BREAK THE CHAIN OF CORRUPTION


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OVER 30 YOUTH leaders representing 14 pacific island nations (Cook Islands, Fiji, Federated States of Micronesia, Kiribati, Nauru, Palau, Papua New Guinea, Republic of the Marshall Islands, Samoa, Solomon Islands, Tonga, Tokelau, Tuvalu and Vanuatu) took part in the first ever Pacific Youth Forum Against Corruption from 22 – 24 February at the Novotel Hotel, Nadi, Fiji.

Participants at the Pacific Youth Forum Against Corruption

Participants at the Pacific Youth Forum Against Corruption

The Pacific Youth Forum Against Corruption was organised by the United Nations Development Program (UNDP), the United Nations Office on Drugs and Crime (UNODC), and the Pacific Youth Council.

Vanuatu was represented by Kevin Henry (Transparency international Vanuatu), Prescila Meto (Youth Against Corruption Vanuatu), Mini Miliu (Youth Challenge Vanuatu) and Deffnie Thompson (Vanuatu National Youth Council), the Minister of Lands, the Honourable Ralph Regenvanu also participated in the forum as a presenter.

During the forum it was clear that corruption is a primary obstacle that needs to be addressed more effectively, it was also agreed that the pacific region needs to improve and to initiate more effective efforts by different institutions that are addressing corruption, as this could be instrumental in combating corruption right down to the grassroots level..

Protesting the brutal treatment of West Papuans

Protesting the brutal treatment of West Papuans

With regards to youth groups and advocates, it was emphasized that there is the need for more networking and the sharing of ideas regionally. For example, an anti-corruption tool that is being used in Vanuatu could be more effective in Palau while a program that is being implemented in Papua New Guinea would achieve greater success if done in Vanuatu, thus the sharing of ideas, contacts, tips, and support becomes a vital vein to a more competent and effective push to drive out corruption in each island nation, and to stand united in the region against corruption.

From the anti-corruption forum, the young leaders recognized there is a “limited, or no access to regional or country-specific data and policies relating to corruption (reflecting the need for evidence research based on corruption) due to lack of freedom of information and lack of innovation and independent media reports”, as stated in the forum outcome statement which is still in its draft stages.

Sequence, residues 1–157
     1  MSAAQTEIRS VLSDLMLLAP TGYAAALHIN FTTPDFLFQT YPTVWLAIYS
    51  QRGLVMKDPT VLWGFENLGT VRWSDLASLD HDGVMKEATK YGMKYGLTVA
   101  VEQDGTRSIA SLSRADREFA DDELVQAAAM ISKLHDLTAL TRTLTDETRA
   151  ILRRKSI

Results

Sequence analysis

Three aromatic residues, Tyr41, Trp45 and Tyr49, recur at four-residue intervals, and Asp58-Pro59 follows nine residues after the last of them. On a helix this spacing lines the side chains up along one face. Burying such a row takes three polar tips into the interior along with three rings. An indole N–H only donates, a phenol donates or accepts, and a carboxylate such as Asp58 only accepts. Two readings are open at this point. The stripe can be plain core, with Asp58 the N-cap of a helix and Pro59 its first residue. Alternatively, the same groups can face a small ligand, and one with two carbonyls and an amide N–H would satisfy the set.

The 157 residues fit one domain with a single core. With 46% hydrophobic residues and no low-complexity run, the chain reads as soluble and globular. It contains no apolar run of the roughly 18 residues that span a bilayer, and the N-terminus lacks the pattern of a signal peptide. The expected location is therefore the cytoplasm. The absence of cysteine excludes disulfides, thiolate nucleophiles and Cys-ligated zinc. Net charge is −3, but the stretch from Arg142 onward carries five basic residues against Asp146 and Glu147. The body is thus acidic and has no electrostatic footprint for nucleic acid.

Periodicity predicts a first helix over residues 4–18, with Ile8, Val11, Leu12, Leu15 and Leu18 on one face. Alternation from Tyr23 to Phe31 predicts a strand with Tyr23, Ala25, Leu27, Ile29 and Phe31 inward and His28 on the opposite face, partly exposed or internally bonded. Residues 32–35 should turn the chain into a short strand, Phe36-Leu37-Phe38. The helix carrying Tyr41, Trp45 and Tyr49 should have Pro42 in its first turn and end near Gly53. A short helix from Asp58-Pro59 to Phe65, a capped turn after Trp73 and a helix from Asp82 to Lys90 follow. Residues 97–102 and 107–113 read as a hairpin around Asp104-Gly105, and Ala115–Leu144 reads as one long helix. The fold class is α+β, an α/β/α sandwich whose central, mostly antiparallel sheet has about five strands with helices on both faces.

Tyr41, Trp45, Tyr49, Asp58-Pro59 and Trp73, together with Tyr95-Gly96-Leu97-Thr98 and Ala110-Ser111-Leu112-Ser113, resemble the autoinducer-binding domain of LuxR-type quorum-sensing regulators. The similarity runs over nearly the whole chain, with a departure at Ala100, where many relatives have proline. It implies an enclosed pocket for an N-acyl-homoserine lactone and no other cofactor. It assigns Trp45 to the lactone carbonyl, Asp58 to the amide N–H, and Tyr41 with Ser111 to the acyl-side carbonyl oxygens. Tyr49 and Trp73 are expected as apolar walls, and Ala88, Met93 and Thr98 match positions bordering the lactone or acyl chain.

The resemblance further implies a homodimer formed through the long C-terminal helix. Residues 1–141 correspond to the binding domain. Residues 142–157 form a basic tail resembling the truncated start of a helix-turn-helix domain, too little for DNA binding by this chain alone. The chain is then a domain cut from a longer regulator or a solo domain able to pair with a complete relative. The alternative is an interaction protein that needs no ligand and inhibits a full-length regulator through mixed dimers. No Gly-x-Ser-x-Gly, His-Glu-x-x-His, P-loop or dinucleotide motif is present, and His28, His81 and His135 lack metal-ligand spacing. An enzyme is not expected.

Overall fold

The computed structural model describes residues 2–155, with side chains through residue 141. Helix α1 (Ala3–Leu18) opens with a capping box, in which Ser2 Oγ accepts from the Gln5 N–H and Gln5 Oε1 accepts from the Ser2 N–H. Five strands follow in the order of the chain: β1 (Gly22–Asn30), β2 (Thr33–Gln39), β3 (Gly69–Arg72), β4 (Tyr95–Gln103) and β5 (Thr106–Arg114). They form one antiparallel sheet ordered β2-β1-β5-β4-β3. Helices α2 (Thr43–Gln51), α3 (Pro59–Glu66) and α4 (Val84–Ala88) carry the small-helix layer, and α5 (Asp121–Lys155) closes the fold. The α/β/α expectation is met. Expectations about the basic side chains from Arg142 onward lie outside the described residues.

It was also acknowledged that “difficulty with regards to sustainability of initiatives on anti-corruption such as youth movements against corruption due to lack of funding geographical isolations” creates a barrier to anti corruption efforts by active youth groups.

11043458_10204581445950291_9214734586042916812_oToday, the youth population in the pacific participate in all the sectors of society; they are police officers, pastors, to even becoming members of parliament. While some youth are fortunate to be awarded scholarships to study overseas, the majority of youth stay back. If you are lucky you can get opportunities to participate in local workshops, youth programs and even get a good job, but some unfortunate groups become vulnerable, and they participate in negative activities, involve in crime, allowing the society to regard them as deviants; a barrier to community development.

Youth from Vanuatu & PNG

Youth from Vanuatu & PNG

It is widely and commonly said that youth are the leaders for tomorrow, therefore it is important to note that whatever experience that youth go through during their upbringing will contribute a lot to how they will define, and present themselves when they hold high and important positions in the community, and nationally. Therefore more informal and local programs need to be developed to assist in promoting a good environment where young people are nurtured to avoid criminal activities.

Transparency International Vanuatu (TIV) has been offering such programs to young people across Vanuatu, through TIV’s Civic Education Program TIV has identified certain factors that continues to encourage young people to keep silent against bad practices.

Firstly, the lack of trust in the political system; TIV asked a young person if he voted in the 2012 general election, and this was his response,

“No, I did not vote, I did not want to waste my time on those candidates. Do you realise what is happening? They promised us ‘no more motions of no confidence’, and look what they have done,”

this statement speaks for a lot of young people, the lack of trust and broken promises creates an environment where uncertainty becomes fact, when young people look towards an uncertain political future they become vulnerable to certain negative practices. TIV has, and will continue to encourage active citizenship, because an effective democracy is the result of a participatory process, everyone has to be involved, even young people.

Secondly, the lack of understanding on citizens basic rights and duties; over the years TIV has delivered hundred of constitution booklets to young people, and in the process informing them of their rights, that if violated, are eligible to lodge their complaint or statement to the appropriate authority.

Transparency International Vanuatu is still offering the Civic Education Program to interested youth groups and communities, call 25715, or email transparency@vanuatu.com.vu to request a workshop or to share your comment. You can also find TIV on facebook: https://www.facebook.com/transparency.vanuatu

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